12 Supermarket Myths That Make You Waste Money

It's time to set the record straight — for the sake of your wallet. 

Shoppers on a budget (and even those who aren't) will be surprised to learn that they may actually be wasting money at the grocery store when they're trying to save. Is bulk always better? And when should you buy fresh fruit over frozen? Here are 12 supermarket myths that might be costing you cash:

MYTH: Organic Is Always the Healthiest Option

It's no secret that organic foods tend to cost more than conventionally grown produce. But is the label worth it? Well, it depends. Some fruits and vegetables consistently carry higher levels of pesticide residue than others, even after washing. Others, particularly those with skins that peel away, generally have less pesticide residue. Splurge on the 12 Foods to Always Buy Organic and save on the others.

MYTH: Bulk Is Best

Sometimes bigger is better, especially when you have a large family to feed. Before you buy in bulk, though, you should consider how quickly the products will spoil — if you won't use it up before it expires, you're just throwing away money and producing waste. Plus, some items are cheaper in smaller quantities. Take a close look at the price tag (and your meal plans) before you drop a pretty penny on a bulk buy.

MYTH: Fresh Is Always Better Than Frozen

While it's always great to fill up on fresh fruit and vegetables, fresh isn't necessarily healthier than frozen. In fact, frozen produce and seafood is sometimes even more nutrient-packed, as flash freezing helps foods retain their flavor and nutrients. Fresh versions, however, often languish in trucks and on shelves, losing substantial nutrition with each passing day. Plus, you can buy in-and-out-of-season frozen foods for much cheaper than their fresh counterparts. Freeze away!

Read more: You Should Buy These Vegetables and Fruit Frozen All Year

MYTH: Sales Always Save You Money

Here's the thing about sales: You'll only save money if you were actually planning to purchase the marked-down item in the first place. When you buy something you don't need just because it's on sale, you're technically losing money that you weren't planning to spend. So, yes, sales are great — but use them wisely.

MYTH: Brown Eggs Are Better Than White

Have you ever heard that brown eggs are healthier than white ones? Well, that's totally false (and it's also not true that white hens lay white eggs and brown hens lay brown eggs). The color has nothing to do with the nutrient-value or flavor of the eggs, so feel free to buy whatever's cheaper.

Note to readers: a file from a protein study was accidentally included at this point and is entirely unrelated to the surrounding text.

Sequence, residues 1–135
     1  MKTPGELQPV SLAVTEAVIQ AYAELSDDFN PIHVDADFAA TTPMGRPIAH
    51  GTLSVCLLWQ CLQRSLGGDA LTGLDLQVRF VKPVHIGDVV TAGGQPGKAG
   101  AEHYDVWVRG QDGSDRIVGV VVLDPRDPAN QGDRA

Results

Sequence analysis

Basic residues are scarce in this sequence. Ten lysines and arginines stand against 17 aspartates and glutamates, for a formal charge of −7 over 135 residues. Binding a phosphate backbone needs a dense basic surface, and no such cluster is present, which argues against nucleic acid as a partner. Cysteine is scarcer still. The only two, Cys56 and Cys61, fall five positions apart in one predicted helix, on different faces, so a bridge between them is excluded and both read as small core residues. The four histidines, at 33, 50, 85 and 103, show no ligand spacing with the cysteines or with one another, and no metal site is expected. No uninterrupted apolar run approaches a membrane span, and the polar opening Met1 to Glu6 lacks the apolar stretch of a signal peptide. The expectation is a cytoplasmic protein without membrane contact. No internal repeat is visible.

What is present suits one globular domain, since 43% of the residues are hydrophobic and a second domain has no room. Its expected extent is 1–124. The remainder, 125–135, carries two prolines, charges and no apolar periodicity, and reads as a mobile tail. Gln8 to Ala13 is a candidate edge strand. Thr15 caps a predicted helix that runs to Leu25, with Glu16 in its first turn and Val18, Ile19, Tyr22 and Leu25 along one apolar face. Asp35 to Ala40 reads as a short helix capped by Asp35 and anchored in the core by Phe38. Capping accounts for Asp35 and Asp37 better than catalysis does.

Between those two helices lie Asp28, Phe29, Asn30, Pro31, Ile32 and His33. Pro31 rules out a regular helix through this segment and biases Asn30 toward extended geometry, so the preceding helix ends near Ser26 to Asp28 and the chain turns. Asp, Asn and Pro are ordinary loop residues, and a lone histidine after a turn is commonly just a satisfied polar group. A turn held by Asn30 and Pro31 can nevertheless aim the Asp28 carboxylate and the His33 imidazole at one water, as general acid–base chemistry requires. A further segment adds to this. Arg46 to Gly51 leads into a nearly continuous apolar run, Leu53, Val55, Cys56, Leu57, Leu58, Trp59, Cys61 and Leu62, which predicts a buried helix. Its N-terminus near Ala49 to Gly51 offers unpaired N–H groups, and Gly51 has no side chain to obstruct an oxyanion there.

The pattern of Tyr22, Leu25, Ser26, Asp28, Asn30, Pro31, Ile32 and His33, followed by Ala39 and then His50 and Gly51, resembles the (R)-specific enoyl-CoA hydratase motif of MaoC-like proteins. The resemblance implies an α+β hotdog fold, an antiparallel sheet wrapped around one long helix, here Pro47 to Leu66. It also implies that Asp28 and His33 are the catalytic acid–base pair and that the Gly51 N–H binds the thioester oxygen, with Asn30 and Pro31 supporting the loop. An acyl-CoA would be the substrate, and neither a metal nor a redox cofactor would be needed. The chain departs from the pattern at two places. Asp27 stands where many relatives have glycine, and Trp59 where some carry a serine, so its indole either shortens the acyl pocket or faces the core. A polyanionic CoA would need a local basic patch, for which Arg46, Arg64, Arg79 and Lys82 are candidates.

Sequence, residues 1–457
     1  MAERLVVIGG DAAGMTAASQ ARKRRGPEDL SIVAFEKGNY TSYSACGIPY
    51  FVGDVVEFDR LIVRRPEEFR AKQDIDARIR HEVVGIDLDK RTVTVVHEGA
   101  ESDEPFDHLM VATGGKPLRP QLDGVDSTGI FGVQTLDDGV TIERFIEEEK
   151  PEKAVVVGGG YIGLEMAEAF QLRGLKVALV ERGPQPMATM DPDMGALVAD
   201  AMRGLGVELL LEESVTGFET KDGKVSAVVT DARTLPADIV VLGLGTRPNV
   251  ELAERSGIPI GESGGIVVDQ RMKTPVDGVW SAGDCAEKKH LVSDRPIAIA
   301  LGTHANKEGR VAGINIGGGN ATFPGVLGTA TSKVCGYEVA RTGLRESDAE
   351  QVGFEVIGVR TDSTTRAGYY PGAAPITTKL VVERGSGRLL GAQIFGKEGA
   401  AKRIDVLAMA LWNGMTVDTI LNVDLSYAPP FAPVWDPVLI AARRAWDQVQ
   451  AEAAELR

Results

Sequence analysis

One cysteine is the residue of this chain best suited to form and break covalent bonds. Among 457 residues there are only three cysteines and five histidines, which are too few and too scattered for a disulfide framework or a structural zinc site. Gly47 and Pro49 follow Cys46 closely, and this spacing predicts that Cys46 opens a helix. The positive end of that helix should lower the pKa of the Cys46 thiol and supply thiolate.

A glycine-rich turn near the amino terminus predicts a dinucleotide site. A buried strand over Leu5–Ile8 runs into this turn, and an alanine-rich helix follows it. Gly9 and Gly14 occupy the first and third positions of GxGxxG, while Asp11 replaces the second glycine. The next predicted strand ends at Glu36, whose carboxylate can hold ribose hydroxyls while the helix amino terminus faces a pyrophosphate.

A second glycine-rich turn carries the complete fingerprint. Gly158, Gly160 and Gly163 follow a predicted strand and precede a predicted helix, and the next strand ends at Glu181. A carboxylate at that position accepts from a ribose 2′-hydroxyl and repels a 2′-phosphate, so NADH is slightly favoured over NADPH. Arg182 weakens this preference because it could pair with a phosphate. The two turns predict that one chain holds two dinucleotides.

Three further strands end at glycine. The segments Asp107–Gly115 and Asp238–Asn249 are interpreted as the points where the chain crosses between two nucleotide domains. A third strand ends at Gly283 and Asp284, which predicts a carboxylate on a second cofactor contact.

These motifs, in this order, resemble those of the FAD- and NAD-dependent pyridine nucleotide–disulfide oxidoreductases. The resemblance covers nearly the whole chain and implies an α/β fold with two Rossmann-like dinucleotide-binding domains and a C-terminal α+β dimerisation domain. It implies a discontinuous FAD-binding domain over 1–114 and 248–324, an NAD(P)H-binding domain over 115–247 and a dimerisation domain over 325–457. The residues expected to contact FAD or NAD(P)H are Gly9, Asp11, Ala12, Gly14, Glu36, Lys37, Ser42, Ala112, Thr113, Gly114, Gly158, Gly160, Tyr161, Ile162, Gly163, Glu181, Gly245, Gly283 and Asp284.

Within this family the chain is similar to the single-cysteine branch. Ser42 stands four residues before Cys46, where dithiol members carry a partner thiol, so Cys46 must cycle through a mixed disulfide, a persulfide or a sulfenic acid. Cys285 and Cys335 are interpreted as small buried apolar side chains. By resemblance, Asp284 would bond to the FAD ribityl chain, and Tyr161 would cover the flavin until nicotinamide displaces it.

MYTH: Generic Foods Aren't High Quality

Generic brands are often made in the same facilities as name-brand products. The only difference, more often than not, is the label on the package. So go ahead and buy the store-brand version of your favorite name-brand groceries. You most likely won't even taste the difference.

MYTH: You'll Save Money By Shopping Once a Week

Limiting your grocery store visits to once per week can actually end up costing you money in the long run, as you might be tempted to grab things that aren't essential "just in case." If you live near the supermarket, it might be beneficial to visit more often and purchase things as you need them.

MYTH: Don't Stray From Your List

In theory, this is a good rule. But it's not always applicable. Let's say you get to the store and you notice they're offering BOGO rotisserie chickens. You might not have had rotisserie chickens on your list, but you realize you can use them to make cheaper meals than you'd initially planned. In this case, it makes sense to forgo certain items on your list for the more practical ones.

MYTH: It Doesn't Matter When You Shop

Surprisingly, it can matter which day of the week you do your shopping. Experts say that many grocery stores change their ads midweek (Wednesday or Thursday), so that's when you have the best chance of scoring new deals. Another pro-tip: You'll find the best produce selections in the morning.

MYTH: Use Coupons For Everything

Coupons are great to have in certain situations, but use them with caution. If you get too caught up with coupon clipping, you may end up buying things you don't really need. Use coupons for items you use all the time. If you wouldn't normally buy the product, skip the coupon.

MYTH: The Express Line Is Always Faster

This isn't as much a money-saving tip as it is a time-saving tip (and time is money). Most people head to the "10 items or fewer" checkout line because it seems like it would be quicker, but that's just the thing: Most people head there. Your best bet for a short checkout experience is usually the lane farthest to the left.

MYTH: It's OK to 'Fib' On Self-Checkout

As much as you want to save money, it's never OK to steal from the grocery store — and that's exactly what you "fib" while checking out in the self-service lane (for example, selecting the cheaper Red Delicious option when you're buying Honeycrisp). This is not only immoral, it's illegal and can land you in serious legal trouble.

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